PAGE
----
Stalling Chinese coal imports are not due to trade tensions


Although many of China’s major bulk imports, such as iron ore and crude oil, have seen strong growth so far this year despite the COVID-19 pandemic, imports of coal have followed the opposite trajectory.

Staggering high growth in January through April has been replaced with monthly coal import growth rates in May through August below the levels recorded in the same months of 2019.

This year’s coal import volumes have seen the lowest growth rate in the past three years. In the first eight months of this year, 220.7 million tonnes of coal have been imported by China, just 473 thousand tonnes more than in 2019, recording a 0.2% growth.

The strong start seen in the beginning of the year when imports saw a 33% accumulated growth rate in the first two months, was merely a consequence of the low volumes imported in the last months of 2019. The following months have seen much lower volumes with August imports at 20 million tonnes, the lowest import level of 2020.

“The drop in coal imports has resulted in less business for the dry bulk fleet. Between May and August this year, there were 26.2 million tonnes less imported compared to the same period last year. The drop in volumes means that ship owners lost an equivalent of 351 Panamax loads,” says Peter Sand, BIMCO’s Chief Shipping Analyst.

“So far, strong Chinese iron ore imports have managed to compensate for the decline in coal volumes, supporting dry bulk freight rates,”Sand says.

Indonesian and Australian coal dominate Chinese imports

The vast majority of coal imported by China arrives by sea, primarily from Indonesia and Australia as the largest suppliers by far.

Indonesian imports account for the largest share of total Chinese coal imports. So far this year, China has imported 96.2 million tonnes from Indonesia, 45% of the total. Despite the Indonesian imports being 7 million tonnes lower than in the first eight months of 2019, they are up 2.5%  from the same period in 2018. Indeed, a steady supplier of thermal coal to China.

In close second, imports of Australian coal account for 42% of total Chinese coal imports. Australian coal exports to China have dropped by 8 million tonnes from 2019 levels, sitting at 90.2 million tonnes in the first eight months of this year. However, compared with 2018 volumes, the accumulated volumes in the first eight months of 2020 are 3% higher.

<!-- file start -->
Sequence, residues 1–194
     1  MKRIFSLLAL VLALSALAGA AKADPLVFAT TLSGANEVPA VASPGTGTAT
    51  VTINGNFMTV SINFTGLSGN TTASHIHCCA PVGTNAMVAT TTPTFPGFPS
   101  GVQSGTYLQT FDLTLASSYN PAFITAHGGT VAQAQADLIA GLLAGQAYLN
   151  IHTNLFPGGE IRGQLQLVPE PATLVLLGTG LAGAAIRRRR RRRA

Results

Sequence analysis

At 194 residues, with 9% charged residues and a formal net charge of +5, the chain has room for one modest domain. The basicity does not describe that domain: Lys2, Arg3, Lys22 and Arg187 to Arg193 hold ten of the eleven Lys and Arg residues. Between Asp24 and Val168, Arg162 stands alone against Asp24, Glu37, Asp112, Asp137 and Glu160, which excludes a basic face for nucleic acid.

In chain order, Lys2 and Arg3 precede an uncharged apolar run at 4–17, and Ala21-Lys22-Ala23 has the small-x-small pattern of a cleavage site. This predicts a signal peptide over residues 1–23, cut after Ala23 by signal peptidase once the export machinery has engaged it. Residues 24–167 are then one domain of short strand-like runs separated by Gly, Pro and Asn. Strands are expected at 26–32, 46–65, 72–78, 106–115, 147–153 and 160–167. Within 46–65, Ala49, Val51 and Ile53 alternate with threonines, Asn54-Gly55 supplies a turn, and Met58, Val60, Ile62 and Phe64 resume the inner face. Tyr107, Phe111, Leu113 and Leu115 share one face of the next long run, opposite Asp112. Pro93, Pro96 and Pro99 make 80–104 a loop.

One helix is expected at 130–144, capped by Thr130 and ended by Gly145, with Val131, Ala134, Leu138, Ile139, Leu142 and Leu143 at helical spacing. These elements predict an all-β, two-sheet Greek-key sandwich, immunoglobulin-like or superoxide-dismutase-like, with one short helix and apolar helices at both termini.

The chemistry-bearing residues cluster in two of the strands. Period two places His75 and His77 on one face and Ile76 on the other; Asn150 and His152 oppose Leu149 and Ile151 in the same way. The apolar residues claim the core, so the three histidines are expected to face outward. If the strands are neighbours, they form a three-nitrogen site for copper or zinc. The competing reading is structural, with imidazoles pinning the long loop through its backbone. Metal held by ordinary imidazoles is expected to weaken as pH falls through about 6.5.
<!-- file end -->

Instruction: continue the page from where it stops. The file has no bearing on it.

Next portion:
“Despite short sailing distances for the majority of Chinese coal imports, they still represent an important driver for the dry bulk market, and the lower volumes in recent months are a drag on the market,” Sand says, adding:

“In recent years, shipping has become particularly vulnerable to geopolitics and the tensions between Australia and China are now in the spotlight. So far, coal imports have yet to see any major impact, but if the relationship between the two continues to deteriorate, ship owners may see a boost in tonne miles if China replaces Australian coal with coal sourced from more distant countries.”.

Chinese coal output may reveal a slower recovery for the Chinese economy

Although strong growth rates in Chinese imports of iron ore and crude oil seem to depict a swift recovery in the Chinese economy, coal imports, together with Chinese coal output, portray a different story.

Chinese coal output has seen a slight decrease of -0.1% in the first eight months of 2020, totalling 2.45 billion tonnes. Combined with the low imported volumes, the state of recovery for the Chinese economy looks unclear.

Peter Sand
in Copenhagen, DK


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